The move could happen on President-elect Joe Biden's first day in office, after the Trump administration spent four years trying to further construction of the $9 billion, 1,200-mile pipeline that would transport up to 830,000 barrels of crude oil daily from Alberta, Canada, to Nebraska.
An existing Keystone pipeline currently transports oil from Alberta to Illinois and Texas.
According to the Keystone XL website, the project, initially proposed more than a decade ago, would sustain about 11,000 U.S. jobs in 2021 – including 8,000 union jobs – and generate $1.6 billion in gross wages.
It is unclear how the Biden administration plans to address the job losses, but his $2 trillion clean energy infrastructure plan, with its goal of reaching net-zero emissions by 2050 at the latest, aims to "create millions of good-paying jobs that provide workers with the choice to join a union and bargain collectively with their employers," according to his website.
The plan targets the creation of 1 million jobs within the auto industry; "millions" of jobs within the power sector; 1 million jobs in building construction; 250,000 jobs "plugging abandoned oil and natural gas wells" and more.
President Trump overturned President Barack Obama's decision to block construction of the Keystone XL pipeline, which for years has come under scrutiny from environmentalists and Democratic politicians.
"Building new infrastructure like the Keystone XL pipeline, which would result in millions of tons of new carbon emissions, just adds fuel to a fire that's already burning down our house," U.S. PIRG Environment Campaigns Director Matt Casale said in a Monday statement.
Casale added that if Biden cancels the Keystone XL permit to keep "fuel in the ground," the president-elect will show us just how serious he was when he promised to take bold climate action."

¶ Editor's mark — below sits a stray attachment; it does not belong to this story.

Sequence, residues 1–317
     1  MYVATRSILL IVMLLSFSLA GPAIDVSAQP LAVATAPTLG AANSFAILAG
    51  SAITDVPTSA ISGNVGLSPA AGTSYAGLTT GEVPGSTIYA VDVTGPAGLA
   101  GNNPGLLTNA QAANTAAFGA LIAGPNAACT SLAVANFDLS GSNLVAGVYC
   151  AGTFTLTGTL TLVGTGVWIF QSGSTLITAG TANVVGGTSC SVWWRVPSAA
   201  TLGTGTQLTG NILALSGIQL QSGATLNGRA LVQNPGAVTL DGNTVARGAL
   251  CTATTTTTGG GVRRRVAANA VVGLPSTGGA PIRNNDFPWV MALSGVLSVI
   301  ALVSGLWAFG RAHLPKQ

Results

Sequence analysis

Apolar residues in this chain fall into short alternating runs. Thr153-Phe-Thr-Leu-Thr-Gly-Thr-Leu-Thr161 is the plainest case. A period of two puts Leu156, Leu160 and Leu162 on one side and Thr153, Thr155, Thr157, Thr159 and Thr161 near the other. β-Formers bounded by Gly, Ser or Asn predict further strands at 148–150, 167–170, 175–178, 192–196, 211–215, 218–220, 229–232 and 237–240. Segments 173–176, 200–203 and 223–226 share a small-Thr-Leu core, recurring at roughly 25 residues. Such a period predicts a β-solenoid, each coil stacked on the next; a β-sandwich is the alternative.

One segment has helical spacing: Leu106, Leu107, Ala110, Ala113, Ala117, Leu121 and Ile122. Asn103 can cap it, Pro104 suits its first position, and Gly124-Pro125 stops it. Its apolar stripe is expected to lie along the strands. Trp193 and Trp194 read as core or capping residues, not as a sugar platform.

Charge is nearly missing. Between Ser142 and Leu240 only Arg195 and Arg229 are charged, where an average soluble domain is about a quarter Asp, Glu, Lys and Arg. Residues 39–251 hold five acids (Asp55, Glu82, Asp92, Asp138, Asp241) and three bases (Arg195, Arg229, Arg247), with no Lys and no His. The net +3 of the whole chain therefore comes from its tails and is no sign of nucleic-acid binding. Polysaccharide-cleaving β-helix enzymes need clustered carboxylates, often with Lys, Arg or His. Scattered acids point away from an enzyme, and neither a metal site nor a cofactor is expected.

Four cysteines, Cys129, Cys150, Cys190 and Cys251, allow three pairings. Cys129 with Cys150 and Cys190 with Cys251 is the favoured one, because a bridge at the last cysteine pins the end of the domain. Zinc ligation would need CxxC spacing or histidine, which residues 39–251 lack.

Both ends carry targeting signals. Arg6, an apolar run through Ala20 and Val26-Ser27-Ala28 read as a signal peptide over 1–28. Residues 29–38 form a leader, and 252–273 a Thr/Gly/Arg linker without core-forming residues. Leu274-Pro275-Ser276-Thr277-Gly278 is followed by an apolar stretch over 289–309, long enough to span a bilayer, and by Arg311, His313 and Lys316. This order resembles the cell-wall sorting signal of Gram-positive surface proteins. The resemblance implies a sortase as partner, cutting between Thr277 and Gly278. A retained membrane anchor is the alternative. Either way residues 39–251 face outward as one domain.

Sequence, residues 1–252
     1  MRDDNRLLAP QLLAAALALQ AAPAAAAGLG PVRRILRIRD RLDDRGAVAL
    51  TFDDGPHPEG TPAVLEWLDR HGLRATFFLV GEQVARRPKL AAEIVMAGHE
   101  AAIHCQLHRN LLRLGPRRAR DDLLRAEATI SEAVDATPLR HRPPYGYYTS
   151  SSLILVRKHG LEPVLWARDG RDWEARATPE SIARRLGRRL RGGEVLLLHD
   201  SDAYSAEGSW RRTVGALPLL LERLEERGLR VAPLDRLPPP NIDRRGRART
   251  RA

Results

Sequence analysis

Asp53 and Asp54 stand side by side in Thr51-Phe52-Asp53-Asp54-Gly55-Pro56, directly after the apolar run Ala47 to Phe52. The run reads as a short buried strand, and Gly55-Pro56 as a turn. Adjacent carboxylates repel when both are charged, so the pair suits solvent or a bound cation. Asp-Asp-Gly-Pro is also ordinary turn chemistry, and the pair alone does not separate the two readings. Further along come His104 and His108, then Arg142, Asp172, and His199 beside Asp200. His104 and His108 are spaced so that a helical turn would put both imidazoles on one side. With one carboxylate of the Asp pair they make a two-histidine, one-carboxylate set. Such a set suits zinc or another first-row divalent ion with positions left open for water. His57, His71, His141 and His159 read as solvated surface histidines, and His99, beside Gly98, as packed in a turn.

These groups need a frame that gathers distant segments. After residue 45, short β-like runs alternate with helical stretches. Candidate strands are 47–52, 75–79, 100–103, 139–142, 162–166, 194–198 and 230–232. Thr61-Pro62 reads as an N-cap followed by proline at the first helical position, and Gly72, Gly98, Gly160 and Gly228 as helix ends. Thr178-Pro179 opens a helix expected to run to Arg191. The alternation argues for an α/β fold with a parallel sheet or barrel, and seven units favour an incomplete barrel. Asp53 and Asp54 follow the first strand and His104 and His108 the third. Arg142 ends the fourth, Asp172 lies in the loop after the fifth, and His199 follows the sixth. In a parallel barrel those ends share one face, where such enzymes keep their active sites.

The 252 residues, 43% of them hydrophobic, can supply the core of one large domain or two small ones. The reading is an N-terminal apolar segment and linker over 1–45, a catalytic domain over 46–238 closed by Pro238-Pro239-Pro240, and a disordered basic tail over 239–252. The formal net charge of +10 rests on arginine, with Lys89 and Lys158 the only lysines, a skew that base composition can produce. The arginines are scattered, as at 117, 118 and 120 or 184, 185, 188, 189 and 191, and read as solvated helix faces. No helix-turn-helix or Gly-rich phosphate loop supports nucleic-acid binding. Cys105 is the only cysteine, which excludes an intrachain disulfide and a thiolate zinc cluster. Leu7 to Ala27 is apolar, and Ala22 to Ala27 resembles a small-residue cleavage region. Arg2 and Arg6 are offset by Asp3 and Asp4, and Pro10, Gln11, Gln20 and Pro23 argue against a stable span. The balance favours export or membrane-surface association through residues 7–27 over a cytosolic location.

One spill along the existing Keystone pipeline discovered in North Dakota in October 2019 leaked an estimated 383,000 gallons of oil and affected about 209,100 square feet of land, or 4.8 acres.
In April, a U.S. judge said the U.S. Army Corps of Engineers failed to adequately consider effects on endangered species – such as pallid sturgeon, a massive, dinosaur-like fish that lives in rivers – the XL pipeline would cross, but did not shut down work that already had begun along the U.S.-Canada border at the time.
Alberta Premier Jason Kenney said in a Sunday statement that he is "deeply concerned by reports that the incoming administration" will cancel permits for the project's construction in the U.S.
"Doing so would kill jobs on both sides of the border, weaken the critically important Canada-U.S. relationship, and undermine U.S. national security by making the United States more dependent on OPEC oil imports in the future," Kenney said.
He added that the U.S. imported 9.14 million barrels of petroleum per day in 2019, 3.7 million of which came from Canada, and the rest of which came from "countries like Venezuela and Saudi Arabia."
"The Keystone XL pipeline also represents tens of thousands of good-paying jobs that the American economy needs right now," Kenney said. "That is why major American labour unions who supported President-elect Biden’s campaign strongly back the project, as do First Nations who have signed partnership agreements, and all state governments along the pipeline route."
TC Energy Corporation, the pipeline company behind Keystone XL, said in a Sunday statement that it plans to reach "net zero emissions across the project operations" in 2023 and "be fully powered by renewable energy sources" by 2030.
The company said it expects to be one of the top 10 corporate renewable sponsors in North America once the initiative is implemented.
The Associated Press contributed to this report.